US plans to ‘unwind ‘ Fannie Mae and Freddie Mac


US president Barack Obama is set to overhaul the US mortgage market and “wind down” Fannie Mae and Freddie Mac.

The BBC reports Obama wants to put the risk back on the private sector and begin to withdraw the massive Government support.

The Government-backed lenders were set up in the 1930s Great Depression and have grown hugely since then. They needed to be bailed out in 2008 when US taxpayers spent £122bn to rescue the firms but they have since returned to profit and repayed £80bn to Government.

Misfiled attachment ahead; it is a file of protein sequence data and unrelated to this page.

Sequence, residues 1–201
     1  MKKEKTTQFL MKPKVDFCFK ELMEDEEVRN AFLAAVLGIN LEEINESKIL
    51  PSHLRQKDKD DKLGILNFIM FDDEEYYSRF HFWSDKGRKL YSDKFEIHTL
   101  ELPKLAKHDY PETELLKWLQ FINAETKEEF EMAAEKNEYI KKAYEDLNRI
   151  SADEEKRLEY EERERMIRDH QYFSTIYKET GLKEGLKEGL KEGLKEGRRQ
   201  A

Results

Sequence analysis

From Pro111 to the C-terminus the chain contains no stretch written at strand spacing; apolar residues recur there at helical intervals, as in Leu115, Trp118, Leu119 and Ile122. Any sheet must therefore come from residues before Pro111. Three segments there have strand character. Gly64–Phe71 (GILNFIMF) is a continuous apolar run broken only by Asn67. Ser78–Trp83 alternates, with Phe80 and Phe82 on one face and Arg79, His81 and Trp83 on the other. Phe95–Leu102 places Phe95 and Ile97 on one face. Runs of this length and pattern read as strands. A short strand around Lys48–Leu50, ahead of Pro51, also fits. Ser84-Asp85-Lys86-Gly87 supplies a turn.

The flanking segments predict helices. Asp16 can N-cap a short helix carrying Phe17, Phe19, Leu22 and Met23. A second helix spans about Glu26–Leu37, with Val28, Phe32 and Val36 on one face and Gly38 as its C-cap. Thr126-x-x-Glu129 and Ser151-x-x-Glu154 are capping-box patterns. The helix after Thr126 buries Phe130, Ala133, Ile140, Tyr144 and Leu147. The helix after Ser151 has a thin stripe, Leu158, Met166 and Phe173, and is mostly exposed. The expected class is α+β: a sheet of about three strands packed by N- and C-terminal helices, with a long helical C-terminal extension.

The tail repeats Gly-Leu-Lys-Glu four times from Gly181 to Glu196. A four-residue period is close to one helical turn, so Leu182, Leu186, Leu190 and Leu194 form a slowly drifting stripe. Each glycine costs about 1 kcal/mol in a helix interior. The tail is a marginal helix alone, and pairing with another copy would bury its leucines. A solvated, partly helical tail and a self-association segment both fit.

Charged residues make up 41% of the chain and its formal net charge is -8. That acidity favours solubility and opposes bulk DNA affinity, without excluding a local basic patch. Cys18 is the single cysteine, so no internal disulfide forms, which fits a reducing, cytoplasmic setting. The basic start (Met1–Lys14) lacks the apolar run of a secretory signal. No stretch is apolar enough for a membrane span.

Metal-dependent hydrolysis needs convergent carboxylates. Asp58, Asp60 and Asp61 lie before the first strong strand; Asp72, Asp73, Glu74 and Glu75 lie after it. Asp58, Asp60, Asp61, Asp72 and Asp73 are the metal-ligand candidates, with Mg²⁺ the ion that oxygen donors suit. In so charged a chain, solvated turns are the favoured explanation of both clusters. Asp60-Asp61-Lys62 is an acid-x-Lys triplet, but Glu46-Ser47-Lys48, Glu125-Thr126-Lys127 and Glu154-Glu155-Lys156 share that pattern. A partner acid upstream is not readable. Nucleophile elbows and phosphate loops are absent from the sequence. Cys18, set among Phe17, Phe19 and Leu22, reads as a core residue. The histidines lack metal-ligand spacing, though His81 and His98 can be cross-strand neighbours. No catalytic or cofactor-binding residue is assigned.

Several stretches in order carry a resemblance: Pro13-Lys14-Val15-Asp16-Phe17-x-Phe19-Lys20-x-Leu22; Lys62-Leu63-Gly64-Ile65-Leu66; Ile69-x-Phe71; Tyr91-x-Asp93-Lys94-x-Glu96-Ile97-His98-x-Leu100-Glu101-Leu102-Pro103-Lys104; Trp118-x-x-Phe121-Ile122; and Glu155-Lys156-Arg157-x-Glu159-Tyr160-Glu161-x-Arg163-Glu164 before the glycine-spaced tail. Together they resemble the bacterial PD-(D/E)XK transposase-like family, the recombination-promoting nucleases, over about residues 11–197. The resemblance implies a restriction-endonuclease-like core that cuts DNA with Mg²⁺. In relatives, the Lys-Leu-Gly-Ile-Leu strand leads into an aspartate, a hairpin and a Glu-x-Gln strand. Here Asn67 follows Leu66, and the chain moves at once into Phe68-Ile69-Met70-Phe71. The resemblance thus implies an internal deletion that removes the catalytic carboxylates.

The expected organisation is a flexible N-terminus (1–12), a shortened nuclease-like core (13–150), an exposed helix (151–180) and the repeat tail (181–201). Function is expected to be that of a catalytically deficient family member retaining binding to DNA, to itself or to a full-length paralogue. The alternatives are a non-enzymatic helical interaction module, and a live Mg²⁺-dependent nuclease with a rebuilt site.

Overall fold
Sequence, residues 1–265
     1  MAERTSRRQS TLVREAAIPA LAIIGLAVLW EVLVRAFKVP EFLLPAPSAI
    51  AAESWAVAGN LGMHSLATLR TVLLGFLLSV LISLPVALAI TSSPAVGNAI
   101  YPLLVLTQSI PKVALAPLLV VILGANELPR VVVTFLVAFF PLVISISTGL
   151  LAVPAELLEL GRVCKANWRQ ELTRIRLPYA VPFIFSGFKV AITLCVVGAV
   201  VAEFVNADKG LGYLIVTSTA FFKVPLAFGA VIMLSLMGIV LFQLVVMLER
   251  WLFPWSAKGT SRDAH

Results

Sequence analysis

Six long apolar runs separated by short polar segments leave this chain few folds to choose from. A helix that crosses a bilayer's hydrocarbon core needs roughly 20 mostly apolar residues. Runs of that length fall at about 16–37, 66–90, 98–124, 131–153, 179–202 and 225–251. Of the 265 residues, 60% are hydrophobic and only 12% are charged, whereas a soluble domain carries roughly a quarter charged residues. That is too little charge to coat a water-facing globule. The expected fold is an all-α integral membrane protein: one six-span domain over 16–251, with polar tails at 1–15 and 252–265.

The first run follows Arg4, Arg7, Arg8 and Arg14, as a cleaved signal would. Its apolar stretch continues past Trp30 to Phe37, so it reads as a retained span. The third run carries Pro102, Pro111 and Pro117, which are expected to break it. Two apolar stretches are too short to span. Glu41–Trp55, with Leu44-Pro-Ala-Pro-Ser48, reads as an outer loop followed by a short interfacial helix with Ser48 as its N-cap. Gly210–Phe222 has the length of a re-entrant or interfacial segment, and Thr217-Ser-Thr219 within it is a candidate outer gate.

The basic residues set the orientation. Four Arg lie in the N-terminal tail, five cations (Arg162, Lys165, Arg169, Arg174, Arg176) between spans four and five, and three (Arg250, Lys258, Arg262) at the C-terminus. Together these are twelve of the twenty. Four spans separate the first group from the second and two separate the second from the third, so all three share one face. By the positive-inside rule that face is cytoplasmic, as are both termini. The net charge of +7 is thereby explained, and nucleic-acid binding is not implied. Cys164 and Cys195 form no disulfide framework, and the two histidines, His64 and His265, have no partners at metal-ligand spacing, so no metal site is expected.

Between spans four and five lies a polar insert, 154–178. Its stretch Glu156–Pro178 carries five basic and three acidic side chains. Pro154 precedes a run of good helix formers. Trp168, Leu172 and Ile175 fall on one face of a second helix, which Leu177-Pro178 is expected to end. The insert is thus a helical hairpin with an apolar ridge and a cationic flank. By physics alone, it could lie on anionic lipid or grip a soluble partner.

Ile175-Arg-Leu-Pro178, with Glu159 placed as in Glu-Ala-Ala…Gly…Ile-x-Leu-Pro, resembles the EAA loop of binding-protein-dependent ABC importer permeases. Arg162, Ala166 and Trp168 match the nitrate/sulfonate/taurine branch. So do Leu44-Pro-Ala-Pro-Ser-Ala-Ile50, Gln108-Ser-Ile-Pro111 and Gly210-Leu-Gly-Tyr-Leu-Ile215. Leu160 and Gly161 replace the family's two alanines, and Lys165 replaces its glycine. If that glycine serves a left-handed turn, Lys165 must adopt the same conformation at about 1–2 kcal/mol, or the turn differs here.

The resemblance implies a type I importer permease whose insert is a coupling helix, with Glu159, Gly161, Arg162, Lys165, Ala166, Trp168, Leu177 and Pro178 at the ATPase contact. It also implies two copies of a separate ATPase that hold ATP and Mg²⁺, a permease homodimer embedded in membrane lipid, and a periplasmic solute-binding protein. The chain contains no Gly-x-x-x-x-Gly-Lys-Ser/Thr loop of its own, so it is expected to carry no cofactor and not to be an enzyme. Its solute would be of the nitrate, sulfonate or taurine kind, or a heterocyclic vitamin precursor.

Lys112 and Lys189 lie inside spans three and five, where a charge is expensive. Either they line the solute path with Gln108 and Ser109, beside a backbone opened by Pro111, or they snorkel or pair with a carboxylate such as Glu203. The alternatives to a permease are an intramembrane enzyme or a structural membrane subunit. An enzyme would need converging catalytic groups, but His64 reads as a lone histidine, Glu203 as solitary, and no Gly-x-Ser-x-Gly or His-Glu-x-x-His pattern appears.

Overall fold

Obama’s plan would see the US Government oversee the housing market and act as a secondary loan guarantor. It would mean Freddie Mac and Fannie Mae are unwound within five years.

Speaking at a high school in Arizona, Obama said it is time to “turn the page on this kind of bubble-and-bust mentality”.

He said: “For too long these companies were allowed to make huge profits buying mortgages, knowing that if their bets went bad, taxpayers would be left holding the bag.

“It was ‘heads we win, tails, you lose.’ And it was wrong.”

The move comes on the same day the UK’s own Government-backed mortgage scheme, Help to Buy, was attacked by Fitch Ratings.

Fitch says the scheme will boost banks’ profitability but builders are unlikely to build more homes because they may not be sold when the scheme finishes in three years.